We all know that advertisers use a number of different methods to track us in some way or another, and new reports are suggesting that our device's accelerometer is no exception. Security researcher Hristo Bojinov, has figured out a way to track devices through the data accelerometers produce.
According to the researcher's recent findings, accelerometers produce a unique footprint, that allow an individual device to be easily tracked across the internet. He also found that devices can be tracked using the unique frequency response speakers and microphones generate.
The tracking, which is very similar to the way cookies work, differs in that the accelerometer, speaker and microphone data output can't be turned off.
The report suggests that websites could easily introduce a simple code that would allow them to track particular devices using this type of accelerometer data. While Bojinov said that he isn't sure whether this type of tracking is already in use or not, he did suggest that advertisers could easily already be exploiting these vulnerabilities.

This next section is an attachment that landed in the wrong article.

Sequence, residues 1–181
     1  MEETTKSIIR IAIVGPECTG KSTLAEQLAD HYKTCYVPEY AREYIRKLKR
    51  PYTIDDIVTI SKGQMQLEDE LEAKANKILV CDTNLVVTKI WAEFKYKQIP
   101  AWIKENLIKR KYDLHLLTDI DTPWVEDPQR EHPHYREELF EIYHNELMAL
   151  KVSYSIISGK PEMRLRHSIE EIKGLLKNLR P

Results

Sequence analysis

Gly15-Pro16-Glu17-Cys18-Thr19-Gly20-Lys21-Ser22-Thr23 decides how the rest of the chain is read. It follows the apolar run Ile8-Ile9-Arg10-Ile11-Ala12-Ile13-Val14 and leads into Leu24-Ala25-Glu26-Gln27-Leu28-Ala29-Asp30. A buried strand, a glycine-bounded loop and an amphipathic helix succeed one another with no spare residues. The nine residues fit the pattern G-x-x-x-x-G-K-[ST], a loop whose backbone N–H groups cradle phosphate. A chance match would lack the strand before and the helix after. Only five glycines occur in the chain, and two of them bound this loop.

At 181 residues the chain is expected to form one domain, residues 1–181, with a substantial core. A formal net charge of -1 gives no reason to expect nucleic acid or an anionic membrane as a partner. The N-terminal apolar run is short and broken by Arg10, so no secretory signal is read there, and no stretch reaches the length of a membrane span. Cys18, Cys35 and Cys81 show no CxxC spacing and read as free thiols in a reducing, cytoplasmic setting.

While it is true, there is no mass produced method of turning off the tracking data the accelerometer, mic and speakers produce -- like there is with cookies -- sites can track users with basic browser information anyways, including font and operating system data. While it may appear that the data coming from Bojinov's recent research could be redundant in terms of tracking users that are already being tracked, it looks to be another way the advertising industry can keep tabs of users across the mobile web.
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